INTERVIEW WITH GODWIN BORG OF KRONOS RECORDS.

 

 

 

What does film music mean to you, tell us what your feelings, emotions and passions are when it comes to film music or indeed any kind of music?
Film music is very often the main element that keeps me sitting down and not fidgeting around when I m watching a film. If the score fails to please me I rarely am entertained by the film. Good film music has to work with the picture, and ideally also work out on its own as well on record. All music regardless of genre has to evoke feelings, if it fails to do so than it’s not good music.

 

I was once told that as collectors we are music addicts and we can’t stop listening and discovering film music old and new, would you say this pretty much describes a film music collector or at least some of us?
I think this a common trait to a good number of collectors, not sure how many but it is a common trait in many collectors of whatever they collect, from music to miniature scale models. I love discovering new stuff, be it old or new and it is always very exciting. I would not say I’m on a quest to discover new stuff, it just happens all the time though.

 

Are you in favour of all these so-called definitive releases of scores that have already received a release, sometimes the definitive editions containing seconds of extra music, or do you think that less is more when we are used to a certain release?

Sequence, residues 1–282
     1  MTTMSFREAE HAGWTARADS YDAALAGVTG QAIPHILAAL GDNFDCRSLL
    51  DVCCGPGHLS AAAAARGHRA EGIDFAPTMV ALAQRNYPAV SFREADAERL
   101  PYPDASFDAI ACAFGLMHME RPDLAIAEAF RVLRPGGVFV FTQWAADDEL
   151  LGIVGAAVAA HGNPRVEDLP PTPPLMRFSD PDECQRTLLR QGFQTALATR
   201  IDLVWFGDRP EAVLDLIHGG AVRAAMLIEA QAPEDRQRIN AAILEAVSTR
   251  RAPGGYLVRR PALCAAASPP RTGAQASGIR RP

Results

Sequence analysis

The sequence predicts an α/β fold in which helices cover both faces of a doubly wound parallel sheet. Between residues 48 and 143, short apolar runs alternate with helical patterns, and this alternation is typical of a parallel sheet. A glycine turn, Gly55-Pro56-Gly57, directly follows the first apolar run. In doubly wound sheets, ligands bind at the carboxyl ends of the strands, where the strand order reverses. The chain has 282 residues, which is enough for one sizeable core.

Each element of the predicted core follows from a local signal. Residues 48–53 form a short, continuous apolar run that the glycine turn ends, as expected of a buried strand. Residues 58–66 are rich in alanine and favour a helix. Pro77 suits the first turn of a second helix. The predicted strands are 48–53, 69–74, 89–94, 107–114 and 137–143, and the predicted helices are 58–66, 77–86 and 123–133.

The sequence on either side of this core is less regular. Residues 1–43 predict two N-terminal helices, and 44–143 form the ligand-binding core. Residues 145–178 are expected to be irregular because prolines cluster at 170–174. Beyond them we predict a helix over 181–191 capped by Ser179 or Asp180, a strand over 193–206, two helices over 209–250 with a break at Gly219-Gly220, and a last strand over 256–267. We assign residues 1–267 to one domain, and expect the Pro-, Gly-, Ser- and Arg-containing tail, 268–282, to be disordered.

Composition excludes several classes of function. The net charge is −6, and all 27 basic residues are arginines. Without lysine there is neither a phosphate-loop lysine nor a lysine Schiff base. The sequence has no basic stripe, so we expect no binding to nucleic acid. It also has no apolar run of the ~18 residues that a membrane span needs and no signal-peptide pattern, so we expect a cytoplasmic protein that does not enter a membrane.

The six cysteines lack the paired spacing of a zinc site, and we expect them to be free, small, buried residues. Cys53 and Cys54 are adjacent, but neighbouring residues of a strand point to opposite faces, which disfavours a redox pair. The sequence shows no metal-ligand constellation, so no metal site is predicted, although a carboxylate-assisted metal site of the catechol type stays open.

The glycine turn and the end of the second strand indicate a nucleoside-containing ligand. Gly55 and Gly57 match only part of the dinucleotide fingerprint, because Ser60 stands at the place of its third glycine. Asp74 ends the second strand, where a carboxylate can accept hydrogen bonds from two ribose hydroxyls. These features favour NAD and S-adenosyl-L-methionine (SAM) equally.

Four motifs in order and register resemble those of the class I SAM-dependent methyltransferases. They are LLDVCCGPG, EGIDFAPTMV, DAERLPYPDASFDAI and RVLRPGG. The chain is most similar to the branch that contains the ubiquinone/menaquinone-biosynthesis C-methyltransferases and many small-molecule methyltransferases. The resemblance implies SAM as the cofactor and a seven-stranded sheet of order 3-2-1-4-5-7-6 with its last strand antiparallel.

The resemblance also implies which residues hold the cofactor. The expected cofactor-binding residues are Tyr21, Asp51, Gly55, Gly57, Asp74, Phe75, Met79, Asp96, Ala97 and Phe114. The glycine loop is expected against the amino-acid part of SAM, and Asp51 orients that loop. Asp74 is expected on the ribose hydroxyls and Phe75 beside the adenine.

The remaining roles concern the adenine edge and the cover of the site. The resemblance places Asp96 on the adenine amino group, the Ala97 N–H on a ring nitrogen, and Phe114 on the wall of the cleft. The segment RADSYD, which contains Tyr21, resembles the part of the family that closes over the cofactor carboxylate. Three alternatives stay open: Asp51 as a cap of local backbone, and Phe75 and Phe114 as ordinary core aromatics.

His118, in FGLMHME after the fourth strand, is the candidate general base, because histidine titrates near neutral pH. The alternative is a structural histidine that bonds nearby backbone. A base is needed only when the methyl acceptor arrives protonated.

I’m usually the “only more is more” kind of guy however all these definitive editions, as you correctly put it that have nothing more than a cue or 2 than the 14thousand previous editions of that album, in that case I honestly believe that is taking advantage of the collectors’ compulsive need to own yet another version of X or Y. Sometimes there is editions that really are worth doing again but that is not the case most of the times.

 

What was your first soundtrack purchase?

 

Star Wars by John Williams.

 

 

KRONOS records has in the past few years grown its catalogue of soundtracks, adding a number of superb soundtracks that would ordinarily would not get a release, do you think it is important to release both popular and obscure titles?

 

 

I always was, still am and very likely will be the underdog and underdog fan till the day I croak so give me obscure titles anytime. Nothing wrong with popular titles don’t get me wrong, cause very often I pick an obscure title and end up giving it a sort of second life and a hint at “popularity” it never had but what I care for is not popularity but acknowledgment. There are so many outstanding recordings that never saw a release and for as long as I can I will keep working on releasing these obscure gems that deserve to be known and appreciated by more people who care for good music, not for popular music…

Are there any soundtracks that you have wanted to release and have not been able to for whatever reason?
Oh yes there have been a few, some because the sources were gone, others because the publisher could not be tracked, but yes like other labels I have my titles that never were.

 

 

The Italian soundtrack market never ceases to amaze me, there is always it seems a title coming out that has never been released, do you find that Italian film music creates more of an interest than movie scores from other countries?